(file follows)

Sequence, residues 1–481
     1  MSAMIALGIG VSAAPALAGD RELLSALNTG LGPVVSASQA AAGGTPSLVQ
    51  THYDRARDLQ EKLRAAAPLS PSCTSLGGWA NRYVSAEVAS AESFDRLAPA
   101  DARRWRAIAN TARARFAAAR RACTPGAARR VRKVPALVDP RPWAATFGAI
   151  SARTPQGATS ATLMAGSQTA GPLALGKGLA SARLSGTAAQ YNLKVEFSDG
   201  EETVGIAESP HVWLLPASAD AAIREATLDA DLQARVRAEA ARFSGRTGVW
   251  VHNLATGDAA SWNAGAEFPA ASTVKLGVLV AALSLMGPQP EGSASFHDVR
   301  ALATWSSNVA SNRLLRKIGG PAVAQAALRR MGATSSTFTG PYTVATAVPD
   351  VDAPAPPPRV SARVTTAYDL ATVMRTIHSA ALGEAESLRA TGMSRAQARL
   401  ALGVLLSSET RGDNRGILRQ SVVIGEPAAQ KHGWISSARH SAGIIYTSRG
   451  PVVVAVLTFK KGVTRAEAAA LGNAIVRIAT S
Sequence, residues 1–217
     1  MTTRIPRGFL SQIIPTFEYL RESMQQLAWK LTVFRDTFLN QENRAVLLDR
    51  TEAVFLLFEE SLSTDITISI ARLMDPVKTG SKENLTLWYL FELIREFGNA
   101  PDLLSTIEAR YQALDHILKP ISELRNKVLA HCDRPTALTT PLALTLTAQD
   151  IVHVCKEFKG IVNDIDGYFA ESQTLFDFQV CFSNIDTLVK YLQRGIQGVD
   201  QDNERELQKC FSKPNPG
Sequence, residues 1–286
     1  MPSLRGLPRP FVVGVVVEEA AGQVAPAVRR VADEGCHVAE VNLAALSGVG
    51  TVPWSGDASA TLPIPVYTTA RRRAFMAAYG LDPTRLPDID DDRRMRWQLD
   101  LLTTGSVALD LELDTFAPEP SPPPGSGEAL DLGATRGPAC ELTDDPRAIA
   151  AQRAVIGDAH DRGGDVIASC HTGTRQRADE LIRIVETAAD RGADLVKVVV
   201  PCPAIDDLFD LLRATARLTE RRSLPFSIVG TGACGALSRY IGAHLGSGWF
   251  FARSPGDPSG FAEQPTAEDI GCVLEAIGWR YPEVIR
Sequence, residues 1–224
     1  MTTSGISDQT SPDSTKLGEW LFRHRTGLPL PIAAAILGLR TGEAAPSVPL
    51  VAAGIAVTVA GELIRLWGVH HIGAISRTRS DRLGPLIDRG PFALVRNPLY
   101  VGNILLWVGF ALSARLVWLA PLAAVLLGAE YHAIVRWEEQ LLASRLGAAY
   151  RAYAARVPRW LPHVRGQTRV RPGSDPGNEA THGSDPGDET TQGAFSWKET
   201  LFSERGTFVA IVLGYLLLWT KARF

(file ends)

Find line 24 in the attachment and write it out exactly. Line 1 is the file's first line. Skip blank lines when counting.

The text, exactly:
   251  FARSPGDPSG FAEQPTAEDI GCVLEAIGWR YPEVIR